Alternative and Independent Education Provision


This chapter applies to all Children Looked After. It should be read in conjunction with the government guidance documents and related chapters.

Note that different provisions apply to children who acquire Looked After status as a result of a remand to local authority accommodation or Youth Detention Accommodation. In relation to those children, please see Remands to Local Authority Accommodation or to Youth Detention Accommodation Procedure, Care Planning for Young People on Remand.


DfE, Promoting the Education of Looked After and Previously Looked After Children

DfE and DHSC, Special educational needs and disability code of practice 0 to 25 years- Statutory guidance for organisations who work with and support children and young people with special educational needs and disabilities (2015)


The Virtual School Procedure

The Personal Education Plan (PEP)

1. Alternative Education

Where it is decided that a child will benefit from a course of vocational study or a programme delivered by a provider outside of school, the school will identify an appropriate alternative. As part of this process a risk assessment should be carried out by school and the qualifications available to the child confirmed.

Any alternative programme should have the agreement of the social worker and the carer. The child will remain on roll at their school and the school will be responsible for continuously monitoring the placement.

If the child will be following a full time offsite programme this should consist of 25 hours provision and the child must be working towards recognised qualifications including maths and English. Communication between social worker, carer and school is essential to ensure any issues with the alternative provision can be addressed immediately.

2. Independent Education Provision

When planning for a child to be educated in independent education provision the social worker must give due consideration to the reasons why this form of specialist education is being considered. The social worker must demonstrate why the child's educational needs cannot be met by local authority mainstream or specialist provision and ensure the funding arrangements have been agreed before pursuing this type of placement.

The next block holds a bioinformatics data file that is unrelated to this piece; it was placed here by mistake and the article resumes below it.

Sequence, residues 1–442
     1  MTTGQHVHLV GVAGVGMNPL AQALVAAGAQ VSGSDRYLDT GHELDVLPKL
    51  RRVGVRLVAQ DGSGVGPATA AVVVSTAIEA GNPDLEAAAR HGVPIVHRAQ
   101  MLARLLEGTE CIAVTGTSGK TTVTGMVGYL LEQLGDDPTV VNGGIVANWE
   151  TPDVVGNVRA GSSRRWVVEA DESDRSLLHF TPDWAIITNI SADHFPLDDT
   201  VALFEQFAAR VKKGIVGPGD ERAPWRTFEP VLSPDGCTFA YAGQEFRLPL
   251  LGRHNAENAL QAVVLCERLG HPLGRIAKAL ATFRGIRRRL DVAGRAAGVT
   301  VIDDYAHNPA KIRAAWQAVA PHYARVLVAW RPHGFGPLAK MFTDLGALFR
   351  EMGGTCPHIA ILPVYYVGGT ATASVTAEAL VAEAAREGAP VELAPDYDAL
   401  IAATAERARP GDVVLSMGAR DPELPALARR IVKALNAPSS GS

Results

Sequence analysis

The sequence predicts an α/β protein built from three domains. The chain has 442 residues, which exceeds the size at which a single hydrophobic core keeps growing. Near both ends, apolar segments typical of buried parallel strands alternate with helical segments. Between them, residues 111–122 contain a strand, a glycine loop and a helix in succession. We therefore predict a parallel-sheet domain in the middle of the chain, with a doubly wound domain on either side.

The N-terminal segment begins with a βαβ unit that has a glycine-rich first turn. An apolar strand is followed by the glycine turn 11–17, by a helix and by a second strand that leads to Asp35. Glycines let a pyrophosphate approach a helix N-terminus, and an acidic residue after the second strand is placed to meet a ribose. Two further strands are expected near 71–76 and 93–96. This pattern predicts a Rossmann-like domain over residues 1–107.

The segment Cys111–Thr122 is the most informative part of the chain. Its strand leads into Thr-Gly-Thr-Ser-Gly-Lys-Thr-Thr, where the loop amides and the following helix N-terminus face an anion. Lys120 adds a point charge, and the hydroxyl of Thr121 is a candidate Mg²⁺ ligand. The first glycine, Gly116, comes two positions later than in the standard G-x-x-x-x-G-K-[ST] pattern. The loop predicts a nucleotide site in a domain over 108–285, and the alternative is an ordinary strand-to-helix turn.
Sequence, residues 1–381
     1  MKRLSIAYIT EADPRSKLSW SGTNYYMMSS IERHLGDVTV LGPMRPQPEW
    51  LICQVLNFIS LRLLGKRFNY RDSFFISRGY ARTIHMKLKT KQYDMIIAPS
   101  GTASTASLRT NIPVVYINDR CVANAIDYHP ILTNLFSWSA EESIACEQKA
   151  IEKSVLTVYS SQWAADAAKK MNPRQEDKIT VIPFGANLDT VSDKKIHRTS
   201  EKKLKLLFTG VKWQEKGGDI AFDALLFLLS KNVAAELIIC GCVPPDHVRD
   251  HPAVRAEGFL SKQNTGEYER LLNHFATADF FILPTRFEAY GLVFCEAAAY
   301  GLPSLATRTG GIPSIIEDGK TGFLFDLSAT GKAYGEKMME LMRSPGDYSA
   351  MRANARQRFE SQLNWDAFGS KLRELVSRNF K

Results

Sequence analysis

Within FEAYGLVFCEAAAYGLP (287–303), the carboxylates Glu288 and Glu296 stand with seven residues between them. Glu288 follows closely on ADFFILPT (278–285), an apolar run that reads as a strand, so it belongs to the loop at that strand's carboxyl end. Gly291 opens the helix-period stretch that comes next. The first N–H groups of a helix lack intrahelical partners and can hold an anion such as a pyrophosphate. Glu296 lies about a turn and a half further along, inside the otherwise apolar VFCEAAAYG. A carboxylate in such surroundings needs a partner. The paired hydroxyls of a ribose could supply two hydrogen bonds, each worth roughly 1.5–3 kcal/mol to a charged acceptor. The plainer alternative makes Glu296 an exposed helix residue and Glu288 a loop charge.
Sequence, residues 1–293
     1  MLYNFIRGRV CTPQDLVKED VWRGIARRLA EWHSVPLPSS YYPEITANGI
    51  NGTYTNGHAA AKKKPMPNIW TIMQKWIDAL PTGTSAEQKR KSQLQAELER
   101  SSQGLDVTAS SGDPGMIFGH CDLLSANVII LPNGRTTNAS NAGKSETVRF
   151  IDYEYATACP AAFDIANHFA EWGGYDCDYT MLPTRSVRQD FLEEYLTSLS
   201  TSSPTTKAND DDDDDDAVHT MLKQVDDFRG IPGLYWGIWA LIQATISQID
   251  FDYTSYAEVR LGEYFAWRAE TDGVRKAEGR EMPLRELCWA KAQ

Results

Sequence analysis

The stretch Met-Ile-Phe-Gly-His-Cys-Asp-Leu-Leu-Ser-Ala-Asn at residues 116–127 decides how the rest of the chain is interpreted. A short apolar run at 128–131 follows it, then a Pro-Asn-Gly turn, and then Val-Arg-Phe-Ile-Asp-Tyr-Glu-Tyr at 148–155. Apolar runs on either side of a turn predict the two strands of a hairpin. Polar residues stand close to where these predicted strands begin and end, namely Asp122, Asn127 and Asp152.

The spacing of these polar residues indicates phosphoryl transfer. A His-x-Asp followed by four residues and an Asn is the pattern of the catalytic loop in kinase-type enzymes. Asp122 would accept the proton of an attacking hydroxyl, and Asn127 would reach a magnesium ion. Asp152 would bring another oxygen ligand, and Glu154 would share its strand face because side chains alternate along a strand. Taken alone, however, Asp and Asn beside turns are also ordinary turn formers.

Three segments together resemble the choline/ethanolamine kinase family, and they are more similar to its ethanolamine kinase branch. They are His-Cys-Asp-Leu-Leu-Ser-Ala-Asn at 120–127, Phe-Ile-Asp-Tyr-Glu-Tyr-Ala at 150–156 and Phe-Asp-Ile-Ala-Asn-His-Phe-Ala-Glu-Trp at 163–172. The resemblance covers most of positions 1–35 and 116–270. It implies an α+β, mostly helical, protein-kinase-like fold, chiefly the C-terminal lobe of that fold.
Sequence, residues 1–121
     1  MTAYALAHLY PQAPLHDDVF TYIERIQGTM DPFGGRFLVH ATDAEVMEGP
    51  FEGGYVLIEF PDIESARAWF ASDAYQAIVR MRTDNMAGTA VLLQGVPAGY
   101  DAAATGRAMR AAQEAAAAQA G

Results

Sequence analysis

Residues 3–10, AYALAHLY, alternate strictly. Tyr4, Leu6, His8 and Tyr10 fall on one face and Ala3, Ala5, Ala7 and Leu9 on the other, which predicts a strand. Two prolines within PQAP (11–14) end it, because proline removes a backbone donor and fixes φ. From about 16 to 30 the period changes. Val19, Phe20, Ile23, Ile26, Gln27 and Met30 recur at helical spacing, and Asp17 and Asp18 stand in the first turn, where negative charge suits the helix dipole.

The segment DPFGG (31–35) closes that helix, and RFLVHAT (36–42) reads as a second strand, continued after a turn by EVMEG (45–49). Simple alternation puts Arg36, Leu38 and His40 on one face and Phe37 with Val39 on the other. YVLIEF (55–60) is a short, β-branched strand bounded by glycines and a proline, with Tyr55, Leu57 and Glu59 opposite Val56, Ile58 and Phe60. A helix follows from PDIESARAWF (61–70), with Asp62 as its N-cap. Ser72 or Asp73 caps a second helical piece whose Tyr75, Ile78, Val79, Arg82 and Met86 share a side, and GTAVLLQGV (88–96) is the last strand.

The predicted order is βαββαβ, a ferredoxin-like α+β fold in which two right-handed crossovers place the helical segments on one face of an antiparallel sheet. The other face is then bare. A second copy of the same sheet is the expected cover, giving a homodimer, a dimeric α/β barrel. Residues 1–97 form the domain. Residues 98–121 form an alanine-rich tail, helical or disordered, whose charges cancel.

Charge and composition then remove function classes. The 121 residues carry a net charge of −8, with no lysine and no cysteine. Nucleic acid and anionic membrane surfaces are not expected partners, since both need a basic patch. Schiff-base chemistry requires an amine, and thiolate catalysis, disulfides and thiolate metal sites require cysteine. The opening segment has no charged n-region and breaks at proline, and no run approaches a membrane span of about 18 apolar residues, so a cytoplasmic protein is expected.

Independent education can include 52 week residential with education placements and term time day placements.

An education representative from the Virtual School and Knowsley's Special Educational Needs and Disabilities Service (if appropriate) should be invited to all care planning meetings, to seek advice and support throughout the decision making process.

If the child has an Education, Health and Care Plan or Statement of Special Educational Needs the school the child is on roll at should ensure records are kept up to date and any concerns are reported to the Special Educational Needs and Disabilities Service the child resides within. This may take the form of Annual Reviews, Interim Reviews or less formal day to day communication.

It is important to note, although the Special Educational Needs and Disabilities Service the child resides within take responsibility for the Education, Health and Care Plan or Statement of Special Educational Needs, Knowsley's Special Educational Needs and Disabilities Service retain financial responsibility. Ultimately this means when decisions are being made which may have a significant financial implication, the social worker must be reassured they are aware and in agreement with the plan.

Where independent education is being considered for a child without an Education, Health and Care Plan or Statement of Special Educational Needs the social worker must provide clear evidence as to why specialist education is being sought for a child without an identified special educational need. Agreement on how this provision will be funded will also have to be reached.

Where a child is placed in an emergency and independent education is part of the package, agreement on how the placement will be funded must be confirmed.